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Case Reports
. 2013 Dec;161A(12):3182-6.
doi: 10.1002/ajmg.a.36178. Epub 2013 Aug 16.

Evidence for Replicative Mechanism in a CHD7 Rearrangement in a Patient With CHARGE Syndrome

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Case Reports

Evidence for Replicative Mechanism in a CHD7 Rearrangement in a Patient With CHARGE Syndrome

Matteo Vatta et al. Am J Med Genet A. .
Free PMC article

Abstract

Haploinsufficiency of CHD7 (OMIM# 608892) is known to cause CHARGE syndrome (OMIM# 214800). Molecular testing supports a definitive diagnosis in approximately 65-70% of cases. Most CHD7 mutations arise de novo, and no mutations affecting exon-7 have been reported to date. We report on an 8-year-old girl diagnosed with CHARGE syndrome that was referred to our laboratory for comprehensive CHD7 gene screening. Genomic DNA from the subject with a suspected diagnosis of CHARGE was isolated from peripheral blood lymphocytes and comprehensive Sanger sequencing, along with deletion/duplication analysis of the CHD7 gene using multiplex ligation-dependent probe amplification (MLPA), was performed. MLPA analysis identified a reduced single probe signal for exon-7 of the CHD7 gene consistent with potential heterozygous deletion. Long-range PCR breakpoint analysis identified a complex genomic rearrangement (CGR) leading to the deletion of exon-7 and breakpoints consistent with a replicative mechanism such as fork stalling and template switching (FoSTeS) or microhomology-mediated break-induced replication (MMBIR). Taken together this represents the first evidence for a CHD7 intragenic CGR in a patient with CHARGE syndrome leading to what appears to be also the first report of a mutation specifically disrupting exon-7. Although likely rare, CGR may represent an overlooked mechanism in subjects with CHARGE syndrome that can be missed by current sequencing and dosage assays.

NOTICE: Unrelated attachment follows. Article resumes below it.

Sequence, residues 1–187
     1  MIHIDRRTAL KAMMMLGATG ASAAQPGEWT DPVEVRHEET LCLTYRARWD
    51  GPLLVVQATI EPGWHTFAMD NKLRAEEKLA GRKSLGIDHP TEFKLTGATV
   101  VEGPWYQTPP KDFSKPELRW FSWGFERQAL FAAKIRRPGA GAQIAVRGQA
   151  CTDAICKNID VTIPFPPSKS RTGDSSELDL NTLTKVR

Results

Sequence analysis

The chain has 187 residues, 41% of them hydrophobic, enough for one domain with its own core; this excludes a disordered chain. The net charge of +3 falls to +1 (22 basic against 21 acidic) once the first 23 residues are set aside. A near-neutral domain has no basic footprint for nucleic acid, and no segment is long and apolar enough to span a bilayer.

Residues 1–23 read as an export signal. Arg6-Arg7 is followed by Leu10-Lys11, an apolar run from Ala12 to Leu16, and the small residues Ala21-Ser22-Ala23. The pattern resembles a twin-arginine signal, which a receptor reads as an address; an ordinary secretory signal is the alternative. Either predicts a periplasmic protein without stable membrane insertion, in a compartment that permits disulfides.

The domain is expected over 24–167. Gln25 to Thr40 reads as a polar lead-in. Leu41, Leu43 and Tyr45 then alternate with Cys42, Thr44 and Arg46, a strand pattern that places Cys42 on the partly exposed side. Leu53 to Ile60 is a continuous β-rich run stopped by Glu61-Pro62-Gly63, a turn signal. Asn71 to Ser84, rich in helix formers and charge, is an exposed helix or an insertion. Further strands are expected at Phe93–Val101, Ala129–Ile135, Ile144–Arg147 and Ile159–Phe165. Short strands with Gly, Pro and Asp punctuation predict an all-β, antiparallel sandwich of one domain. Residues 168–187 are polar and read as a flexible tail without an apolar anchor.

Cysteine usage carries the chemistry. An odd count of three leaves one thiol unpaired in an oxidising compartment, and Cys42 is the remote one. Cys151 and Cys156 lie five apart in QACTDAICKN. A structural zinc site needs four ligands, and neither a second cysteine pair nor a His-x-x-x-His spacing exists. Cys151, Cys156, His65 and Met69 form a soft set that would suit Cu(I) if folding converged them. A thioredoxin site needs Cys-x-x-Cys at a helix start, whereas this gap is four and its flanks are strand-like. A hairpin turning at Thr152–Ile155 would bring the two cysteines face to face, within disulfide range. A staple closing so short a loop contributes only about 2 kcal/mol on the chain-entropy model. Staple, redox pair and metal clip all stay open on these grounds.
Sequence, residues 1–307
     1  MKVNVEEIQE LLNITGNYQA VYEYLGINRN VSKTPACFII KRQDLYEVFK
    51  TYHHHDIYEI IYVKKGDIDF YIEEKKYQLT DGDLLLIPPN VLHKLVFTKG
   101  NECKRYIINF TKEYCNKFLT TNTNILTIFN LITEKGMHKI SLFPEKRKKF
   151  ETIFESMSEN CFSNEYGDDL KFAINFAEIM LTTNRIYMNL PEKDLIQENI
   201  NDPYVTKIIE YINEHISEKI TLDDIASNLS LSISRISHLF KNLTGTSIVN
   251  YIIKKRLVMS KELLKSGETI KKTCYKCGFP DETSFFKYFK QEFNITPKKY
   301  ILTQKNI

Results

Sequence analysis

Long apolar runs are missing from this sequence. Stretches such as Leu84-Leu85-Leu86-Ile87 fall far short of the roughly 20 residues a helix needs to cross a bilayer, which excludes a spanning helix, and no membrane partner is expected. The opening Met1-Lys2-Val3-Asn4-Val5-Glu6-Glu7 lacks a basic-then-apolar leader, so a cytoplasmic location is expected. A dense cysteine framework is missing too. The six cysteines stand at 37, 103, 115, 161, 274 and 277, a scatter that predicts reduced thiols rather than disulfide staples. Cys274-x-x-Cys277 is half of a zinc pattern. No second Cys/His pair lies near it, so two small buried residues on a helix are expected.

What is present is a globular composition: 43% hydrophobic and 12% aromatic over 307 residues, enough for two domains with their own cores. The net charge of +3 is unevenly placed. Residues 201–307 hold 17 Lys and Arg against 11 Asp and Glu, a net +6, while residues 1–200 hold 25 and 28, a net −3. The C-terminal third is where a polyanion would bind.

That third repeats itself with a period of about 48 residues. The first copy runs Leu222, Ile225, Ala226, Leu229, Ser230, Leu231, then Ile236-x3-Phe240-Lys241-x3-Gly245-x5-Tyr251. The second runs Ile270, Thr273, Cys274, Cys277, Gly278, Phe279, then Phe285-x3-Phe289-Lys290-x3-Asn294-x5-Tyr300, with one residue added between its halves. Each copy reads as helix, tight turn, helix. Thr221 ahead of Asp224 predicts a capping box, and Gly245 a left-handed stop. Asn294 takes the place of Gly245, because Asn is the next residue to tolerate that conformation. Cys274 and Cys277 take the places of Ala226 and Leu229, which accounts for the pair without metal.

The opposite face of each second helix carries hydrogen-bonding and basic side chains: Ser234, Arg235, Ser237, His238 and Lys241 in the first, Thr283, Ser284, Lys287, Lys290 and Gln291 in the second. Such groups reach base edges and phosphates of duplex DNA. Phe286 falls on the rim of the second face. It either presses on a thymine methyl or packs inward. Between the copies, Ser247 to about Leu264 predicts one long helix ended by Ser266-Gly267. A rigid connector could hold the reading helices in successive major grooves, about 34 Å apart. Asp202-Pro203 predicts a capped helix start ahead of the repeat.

Keywords: CHARGE syndrome; CHD7; FoSTeS/MMBIR; MLPA.

Conflict of interest statement

DISCLOSURE

MV, ZN, PF, CME and ASW at the time of performing the project were at the Medical Genetics Laboratories, a Diagnostic Laboratory at Baylor College of Medicine. JRL is a paid consultant for Athena Diagnostics, has stock ownership in 23 and Me and Ion Torrent Systems, and is a co-inventor on multiple United States and European patents related to molecular diagnostics for inherited neuropathies, eye diseases and bacterial genomic fingerprinting. The Department of Molecular and Human Genetics at Baylor College of Medicine derives revenue from the chromosomal microarray analysis (CMA) and clinical exome sequencing offered in the Medical Genetics Laboratory (MGL; http://www.bcm.edu/geneticlabs/). At the best of our knowledge there are no other conflicts of interest to disclose and all procedures have been compliant with ethical regulations.

Figures

Figure 1
Figure 1. MLPA analysis and genomic structure encompassing exon 7